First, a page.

Clatsop Community College is working to find a new leader, and six semifinalists have been named.
The board announced the names at its regular Tuesday board meeting, and plans to interview the applicants in early May. Coincidentally, two are from the same technical college in Washington.
Board Chairman Dirk Rohne said the board was pleased with the applicant pool that responded to fill the shoes left empty by former President Greg Hamann in February. Hamann is now president at Linn-Benton Community College in Albany.
"I think we're all really excited with the choices we have," Rohne said Tuesday. The board was prepared to continue searching if the initial call for applicants didn't yield enough viable candidates, he said. But, that wasn't the case.
"The fact that we can move forward with what we have is encouraging," he added.
A search firm helped a board-appointed committee - made up of faculty, staff, and community members - review about 40 applications and recommend the following applicants as semi-finalists:
? Sara Burns lives in Steilacoom, Wash., and has a Ph.D. in educational leadership from Gonzaga University in Spokane. Burns is the vice president of instruction at Lake Washington Technical College in Kirkland, Wash. Past roles that Burns has filled have been vice president of instruction at Bates Technical College in Tacoma, Wash. and vice president of learning and student success at Pierce College in Fort Steilacoom, Wash.
? Larry Galizio lives in Tigard, and is currently with the Oregon University System as the director of strategic planning. Galizio received his Ph.D. in Urban Studies from Portland State University. He has also held the position of Instructor and Director of Forensics (speech and debate) at Portland Community College for 16 years. From 2004 to 2009, Galizio was an Oregon state representative where he served as chairman of the Joint Ways and Means Education Subcommittee as well as other committee appointments.
? Richard MacLennan lives in Bremerton, Wash., and holds an Ed.D. in educational innovation and leadership from Wilmington University in Wilmington, Del. For the past 12 years, MacLennan has been the vice president of Student Services with Olympic College, in Bremerton. Previous positions held by MacLennan are the associate dean of Student Services and associate dean of Student Life, both at Chesapeake College in Wye Mills, Md.
? Shirley Metcalf lives in Kirkland, Wash., and is the vice president of College Advancement and Extended Learning with Lake Washington Technical College, in Kirkland. Previously, Metcalf held the position of executive vice president of instruction at Lake Washington, and dean of outreach/director of Continuing Education and Training at Hawaii Community College, located in Hilo. Metcalf holds an Ed.D. in Management from Northern Illinois University.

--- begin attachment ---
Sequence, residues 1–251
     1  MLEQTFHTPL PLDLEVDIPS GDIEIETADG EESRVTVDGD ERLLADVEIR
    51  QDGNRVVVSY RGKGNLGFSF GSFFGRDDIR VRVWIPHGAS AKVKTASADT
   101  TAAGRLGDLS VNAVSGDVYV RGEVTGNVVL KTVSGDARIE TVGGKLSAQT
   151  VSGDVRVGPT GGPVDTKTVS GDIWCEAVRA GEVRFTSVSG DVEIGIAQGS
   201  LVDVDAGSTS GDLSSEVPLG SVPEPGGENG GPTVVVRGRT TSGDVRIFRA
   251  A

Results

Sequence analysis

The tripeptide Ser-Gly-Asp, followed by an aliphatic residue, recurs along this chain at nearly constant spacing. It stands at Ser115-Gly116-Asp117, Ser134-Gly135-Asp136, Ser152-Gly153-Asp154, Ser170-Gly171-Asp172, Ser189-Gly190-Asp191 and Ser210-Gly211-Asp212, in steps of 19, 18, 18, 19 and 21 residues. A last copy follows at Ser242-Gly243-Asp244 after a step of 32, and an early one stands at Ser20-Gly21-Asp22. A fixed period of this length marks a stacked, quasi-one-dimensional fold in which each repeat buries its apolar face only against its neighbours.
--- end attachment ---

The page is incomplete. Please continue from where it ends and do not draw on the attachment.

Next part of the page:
? Joseph Olson lives in Palm Springs, Calif., and holds a Ed.D. in Educational Leadership from East Tennessee State University. Olson is the vice president for Military, Community and Economic Development with Copper Mountain Community College in Joshua Tree, Calif. He also held the position of vice president of Finance and Administration, at Copper Mountain. Olson also served as president of Jefferson Community College in Watertown, N.Y.
? James Sorensen lives in Bellingham, Wash., and holds an Ed.D. in Education/Community College Leadership from Oregon State University. He served for seven years as president of Treasure Valley Community College in Ontario. Other positions he has held include vice president of College Operations and chief instructional officer at Treasure Valley and vice president for students at Highline Community College in Des Moines, Wash.
Later in May, the successful finalists remaining after the first round will come back to the area to participate in a more comprehensive interview process, part of which will include opportunity for community involvement.
In other board business, the addition of a sustainable energy technician program was supported by the board.
Vice President of Instruction Stephen Schoonmaker said the program is needed in the area because of expected growth in the field. Graduates will be prepared to work as energy auditors, biomass energy technicians, ocean and river wave and wind technicians and other other energy management jobs, and could earn an entry level salary of $19 to 29 dollars per hour, he said.